How to get rid of bumpy skin: Part 2

Welcome to the second part of my series on bumpy skin, one of the most common skin issues I see as a dermatologist. 

We’ve already covered off subliminal acne, milia and rosacea in part 1 of the blog (catch up here) - now let’s address keratosis pilaris and perioral dermatitis. 

Here’s how to identify if you have these types of bumpy skin - and how to get rid of them. 


Often referred to as “chicken skin”, keratosis pilaris (or KP for short) refers to red bumpy skin on the backs of your arms, front of your thighs, perhaps your butt and sometimes on the cheeks of your face. It’s essentially clogged hair follicles filled with keratin (hence the rough texture), associated with increased red vessels around the follicle opening. KP is extremely common, affecting 50-80% of adolescents and 40% of adults.


Exfoliate: Regular exfoliation is the best way to manage this chronic skin condition. BUT NOT with a loafer that can just create additional inflammation and irritation. Think AHAs, BHAs and prescriptive vitamin A. Using my Concentrated Clarifier daily and my Concentrated Spot Destroyer or Concentrated Micropeel (a few times a week) is an ideal treatment. For more improvement, see your doctor and add in a prescription vitamin A like Retrieve a few nights a week.

Stick to gentle cleansing: Avoid the temptation to use harsh scrubs, as these can cause irritation. 

Hydrate: Dry skin can exacerbate KP, which is why the condition tends to get worse during winter. Use my Concentrated Moisturiser or Concentrated Hydration, morning and night. 

Acne Kit



This condition refers to those little red lumps and bumps that crop up around the “orifices” of the face, think nose, mouth and eyes. While often dry and sensitive, with time these bumps can become inflamed and pustule-like. PD is often caused by what I like to refer to as cosmetic overload/cosmetic chaos. Too many products, too many scrubs, too much foaming and sometimes too many actives. This causes a breakdown of the skin’s epidermal barrier function and leads to inflammatory eruptions. I’m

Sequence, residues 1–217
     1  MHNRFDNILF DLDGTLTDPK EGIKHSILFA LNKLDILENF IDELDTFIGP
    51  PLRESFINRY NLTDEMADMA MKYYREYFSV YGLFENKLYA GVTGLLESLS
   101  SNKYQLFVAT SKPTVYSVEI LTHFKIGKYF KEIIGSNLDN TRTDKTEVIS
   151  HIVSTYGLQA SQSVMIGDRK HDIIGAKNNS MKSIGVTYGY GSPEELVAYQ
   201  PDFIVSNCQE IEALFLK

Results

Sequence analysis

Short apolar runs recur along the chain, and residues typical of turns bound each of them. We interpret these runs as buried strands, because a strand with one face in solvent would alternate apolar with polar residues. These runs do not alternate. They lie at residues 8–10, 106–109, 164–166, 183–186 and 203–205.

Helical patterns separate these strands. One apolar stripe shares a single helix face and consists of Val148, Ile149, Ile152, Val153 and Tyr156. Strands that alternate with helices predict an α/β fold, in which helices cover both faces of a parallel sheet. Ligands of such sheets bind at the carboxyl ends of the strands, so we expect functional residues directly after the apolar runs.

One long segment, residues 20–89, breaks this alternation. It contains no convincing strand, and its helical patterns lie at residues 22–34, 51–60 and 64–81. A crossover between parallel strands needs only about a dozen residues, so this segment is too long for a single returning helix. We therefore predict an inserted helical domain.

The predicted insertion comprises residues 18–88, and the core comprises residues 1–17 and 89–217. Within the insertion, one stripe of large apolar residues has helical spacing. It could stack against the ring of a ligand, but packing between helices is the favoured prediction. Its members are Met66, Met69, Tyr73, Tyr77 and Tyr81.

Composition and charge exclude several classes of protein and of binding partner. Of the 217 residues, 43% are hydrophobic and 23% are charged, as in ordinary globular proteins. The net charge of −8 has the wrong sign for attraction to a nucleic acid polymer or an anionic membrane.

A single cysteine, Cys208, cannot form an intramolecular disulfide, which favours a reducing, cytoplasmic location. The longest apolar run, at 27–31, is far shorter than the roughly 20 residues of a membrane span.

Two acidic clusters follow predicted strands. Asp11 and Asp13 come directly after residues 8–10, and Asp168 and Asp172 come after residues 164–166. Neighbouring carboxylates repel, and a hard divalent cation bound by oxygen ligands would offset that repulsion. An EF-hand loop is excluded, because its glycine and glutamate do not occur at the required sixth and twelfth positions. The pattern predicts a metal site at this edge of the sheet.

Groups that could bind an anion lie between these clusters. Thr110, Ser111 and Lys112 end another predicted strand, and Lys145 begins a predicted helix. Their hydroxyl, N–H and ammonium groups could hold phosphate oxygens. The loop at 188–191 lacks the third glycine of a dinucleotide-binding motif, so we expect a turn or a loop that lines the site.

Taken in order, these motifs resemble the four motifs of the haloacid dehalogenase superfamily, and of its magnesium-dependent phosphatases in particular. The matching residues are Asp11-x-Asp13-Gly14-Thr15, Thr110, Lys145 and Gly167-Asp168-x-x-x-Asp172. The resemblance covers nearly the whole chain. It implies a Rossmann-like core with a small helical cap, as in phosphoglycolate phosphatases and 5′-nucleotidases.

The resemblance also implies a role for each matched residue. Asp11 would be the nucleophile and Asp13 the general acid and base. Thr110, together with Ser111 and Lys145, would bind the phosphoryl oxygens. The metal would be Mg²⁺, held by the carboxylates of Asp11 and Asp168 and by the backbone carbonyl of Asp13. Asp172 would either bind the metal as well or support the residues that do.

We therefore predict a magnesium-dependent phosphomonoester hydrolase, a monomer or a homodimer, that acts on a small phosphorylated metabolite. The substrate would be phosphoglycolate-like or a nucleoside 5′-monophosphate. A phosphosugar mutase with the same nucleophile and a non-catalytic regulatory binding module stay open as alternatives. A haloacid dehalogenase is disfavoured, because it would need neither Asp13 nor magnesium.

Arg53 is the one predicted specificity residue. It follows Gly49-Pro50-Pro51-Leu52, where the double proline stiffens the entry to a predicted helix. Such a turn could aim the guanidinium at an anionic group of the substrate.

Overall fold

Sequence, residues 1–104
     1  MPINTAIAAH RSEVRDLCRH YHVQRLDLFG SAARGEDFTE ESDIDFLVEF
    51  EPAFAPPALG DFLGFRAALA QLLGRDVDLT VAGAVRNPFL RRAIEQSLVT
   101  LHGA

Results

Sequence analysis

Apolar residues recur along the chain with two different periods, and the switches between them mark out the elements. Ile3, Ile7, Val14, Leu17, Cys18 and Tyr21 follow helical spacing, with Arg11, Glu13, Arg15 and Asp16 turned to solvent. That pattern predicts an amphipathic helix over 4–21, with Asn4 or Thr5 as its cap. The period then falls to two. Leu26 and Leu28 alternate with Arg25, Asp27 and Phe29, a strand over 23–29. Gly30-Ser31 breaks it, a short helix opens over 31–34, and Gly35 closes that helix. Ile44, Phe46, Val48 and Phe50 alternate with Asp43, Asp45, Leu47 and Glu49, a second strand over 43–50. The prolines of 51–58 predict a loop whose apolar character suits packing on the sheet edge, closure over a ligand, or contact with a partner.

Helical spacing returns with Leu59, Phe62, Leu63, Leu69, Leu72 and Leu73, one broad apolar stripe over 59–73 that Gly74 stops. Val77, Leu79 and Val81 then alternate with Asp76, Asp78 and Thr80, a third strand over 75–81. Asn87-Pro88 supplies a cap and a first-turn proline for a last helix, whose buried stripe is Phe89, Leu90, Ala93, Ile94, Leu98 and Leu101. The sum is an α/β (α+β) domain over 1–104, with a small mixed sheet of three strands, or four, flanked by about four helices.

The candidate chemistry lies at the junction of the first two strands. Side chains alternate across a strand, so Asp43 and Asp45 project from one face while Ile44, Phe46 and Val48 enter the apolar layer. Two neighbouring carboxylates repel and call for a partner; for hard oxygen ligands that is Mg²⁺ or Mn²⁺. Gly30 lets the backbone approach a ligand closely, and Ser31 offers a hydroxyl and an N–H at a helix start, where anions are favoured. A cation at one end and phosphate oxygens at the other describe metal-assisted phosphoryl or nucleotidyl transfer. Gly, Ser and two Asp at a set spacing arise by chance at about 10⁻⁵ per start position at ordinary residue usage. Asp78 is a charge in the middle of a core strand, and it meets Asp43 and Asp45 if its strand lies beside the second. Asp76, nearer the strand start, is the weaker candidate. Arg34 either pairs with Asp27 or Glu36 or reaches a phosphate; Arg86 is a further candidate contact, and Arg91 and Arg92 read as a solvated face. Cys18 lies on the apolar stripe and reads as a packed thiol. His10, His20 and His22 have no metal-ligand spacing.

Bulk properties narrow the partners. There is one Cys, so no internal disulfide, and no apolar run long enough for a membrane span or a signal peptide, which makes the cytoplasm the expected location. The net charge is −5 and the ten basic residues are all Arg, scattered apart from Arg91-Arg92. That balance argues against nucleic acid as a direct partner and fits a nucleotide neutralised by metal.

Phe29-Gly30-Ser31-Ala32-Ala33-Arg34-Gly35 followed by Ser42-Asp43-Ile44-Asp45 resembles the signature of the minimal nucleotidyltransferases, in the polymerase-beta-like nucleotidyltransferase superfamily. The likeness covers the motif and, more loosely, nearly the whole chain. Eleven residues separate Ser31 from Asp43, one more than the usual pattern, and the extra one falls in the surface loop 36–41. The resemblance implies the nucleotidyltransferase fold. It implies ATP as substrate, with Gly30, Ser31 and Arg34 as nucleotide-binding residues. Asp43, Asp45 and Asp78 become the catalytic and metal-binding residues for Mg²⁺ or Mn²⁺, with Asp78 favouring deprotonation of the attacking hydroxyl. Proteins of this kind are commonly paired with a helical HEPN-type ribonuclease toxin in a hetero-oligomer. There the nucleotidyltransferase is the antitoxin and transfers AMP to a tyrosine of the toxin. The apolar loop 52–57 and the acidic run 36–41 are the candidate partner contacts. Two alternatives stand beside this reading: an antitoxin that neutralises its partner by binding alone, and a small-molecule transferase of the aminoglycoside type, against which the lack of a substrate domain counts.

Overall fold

Cut down and declutter: Simplification is key. Gentle cleansing and moisturising only, twice daily. If you can, try to refrain from wearing makeup.

Check your cleanser: Ensure you’re using a gentle, non-foaming cleanser and DEFINITELY not a scrub. Bonus points for having a cleanser that contains topical anti-inflammatories, like the DrNC Concentrated Cleanser that has B3, chamomile, comfrey extract and hydrating, soothing glycerin.

Check your products: While flare-ups occur for a variety of reasons, your skincare can play a big role. Inspect your labels and make sure you're not slathering on any potential triggering ingredients. 

Choose an anti-inflammatory moisturiser: Look for ingredients like niacinamide/vitamin B3, which are clinically proven to calm and soothe skin. Check out the DrNC Concentrated Moisturiser and DrNC Concentrated Hydration.

Salicylic acid: Believe it or not, this BHA acts like an anti-inflammatory and can calm down the papules and pustules, as well as prevent them. 

Get onto a tetracycline antibiotic: After years of treating this common condition that can go on for years, if you want to “nail” it, a course of anti-inflammatory antibiotics is a must. Usually 4-8 weeks of Minomycin or Doxycycline or EES.

Check out our solution for bumpy skin, our Total Skin Glow & Acne Kit